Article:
Moles are, in essence, clusters of skin pigment cells which should be spread throughout the body. Instead of locating themselves across the skin itself they group together and form what we see as a mole. These are often harmless and may never cause you problems in the long run. When they begin to form too often you may feel there is a reason why they are continuously popping up and you might want to have a professional see to them just in case they are harmful to your health.
There are a variety of causes that could lead to moles appearing on the body and while some of these can be prevented at other times the causes are more complex and you may need to look at a range of probabilities that may be contributing to the problem.
At different phases of your life you may find that these moles appear more frequently than at other times. This could be due to different changes that often occur in the body at its various stages in life. At some points you might find that they are rare while at other times they may become quite a problem; this often depends on person to person and their specific lifestyle and genetic makeup.
If you are a woman then you might find that you are at an increased risk of developing moles at certain stages of your life. This is because a women’s body changes throughout the various stages of her life and these changes just so happen to create a more ideal environment for moles to form on the body.
During childhood, moles tend to form on the body and this is fairly common. You may begin life with fairly few moles but these may multiply until you enter adulthood. These moles are usually “normal” moles and they might never cause problems in your lifetime.
When we are conceived, we receive a variety of genetic patterns from both of our parents. While some of these may dictate harmless facets such as our hair and eye color, others may not be so forgiving.
There are many genetic problems that can be passed down from generation to generation and sometimes we may even end up unknowingly carrying these around with us in our genes.
An example of this is Atypical Mole Syndrome. This syndrome causes a tendency in the body to form an excessive amount of moles on our skin. This is something that we could have received from our parents or our grandparents and we have no control over whether we receive it or not.
These moles may be irregular in size and color and this is what makes them such a health risk. If you have been born with this disorder you may also be more likely to develop Melanoma and so you may need to take the necessary precautions when it comes to protecting your skin and your health.
Exposing your skin to the sun can cause moles to form on your body. For this reason you may need to be careful about spending long periods in direct sunlight as well as taking care to use sun block whenever you do venture out. This is the only way to ensure that you do not raise your risk of skin cancer by allowing the number of moles on your body to grow.
If you have particularly fair skin then you may notice that you are more prone to moles. This is common among people with lighter skin and this is the reason why they should go to greater lengths to protect themselves from the sun’s harmful effects.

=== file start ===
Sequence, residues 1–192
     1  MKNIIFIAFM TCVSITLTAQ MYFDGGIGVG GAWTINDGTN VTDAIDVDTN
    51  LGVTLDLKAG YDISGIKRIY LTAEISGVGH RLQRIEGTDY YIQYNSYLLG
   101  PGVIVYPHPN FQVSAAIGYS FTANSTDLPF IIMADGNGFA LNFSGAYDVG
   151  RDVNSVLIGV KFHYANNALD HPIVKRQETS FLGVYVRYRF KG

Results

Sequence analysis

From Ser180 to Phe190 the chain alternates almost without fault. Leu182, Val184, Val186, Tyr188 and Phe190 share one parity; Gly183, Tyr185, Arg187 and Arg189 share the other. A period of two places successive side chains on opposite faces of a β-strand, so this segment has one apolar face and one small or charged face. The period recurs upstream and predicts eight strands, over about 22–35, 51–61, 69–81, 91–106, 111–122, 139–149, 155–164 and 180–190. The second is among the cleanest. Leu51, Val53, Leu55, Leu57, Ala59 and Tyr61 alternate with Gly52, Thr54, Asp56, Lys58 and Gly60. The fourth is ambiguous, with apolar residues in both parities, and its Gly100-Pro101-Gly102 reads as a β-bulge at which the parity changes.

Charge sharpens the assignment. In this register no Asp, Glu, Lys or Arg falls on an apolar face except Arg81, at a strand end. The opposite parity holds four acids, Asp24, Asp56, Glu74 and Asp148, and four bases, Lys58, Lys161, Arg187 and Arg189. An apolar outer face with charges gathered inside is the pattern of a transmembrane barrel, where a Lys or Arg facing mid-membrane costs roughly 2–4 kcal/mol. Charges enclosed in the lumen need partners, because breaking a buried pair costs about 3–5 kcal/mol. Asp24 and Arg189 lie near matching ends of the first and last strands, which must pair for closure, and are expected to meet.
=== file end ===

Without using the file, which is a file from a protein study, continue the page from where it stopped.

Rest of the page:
The more sun exposure you receive, the higher your chances are of forming moles on your skin. This is true for most people. The sun can also cause moles to become cancerous because it forms within or around the mole itself.
During times of hormonal changes the body increases the rate at which it forms moles. These times are more specifically those at which the body is undergoing a great change. More specifically this occurs during pregnancy, puberty and menopause. These are times when the body is changing very rapidly and this may cause moles of the atypical variety to form.
If you have thyroid problems then you may know that this gland produces hormones within the body. When your body is not able to produce these hormones in the manner that it should it cause imbalances within the body that could lead to the excessive production of moles.
Taking hormone medication might also increase the number of moles that appear on your body. They may even continue to appear long after you have stopped the medication as your body needs time to revert back to its usual state.
In order to find out what is causing this problem you may need to consider more than one factor. You may also need to combine a variety of factors in order to discover the most plausible cause. It may be dependant on certain environmental factors which you may be able to control or decrease but it might also be due to certain biological factors which you have little or no control over.
In order to properly evaluate the causes, a practitioner needs to be consulted. He or she will be able to give proper information regarding the risks and the preventative measures that can be taken in order to ensure that this problem is alleviated or at least contained.
A practitioner is always a good person to consult when it comes to problems such as these especially since the connections with moles and Melanoma have increasingly shown to be strong. This is especially true in some cases where atypical mole syndrome has been found present but there is always the chance that a seemingly ordinary mole has become a danger.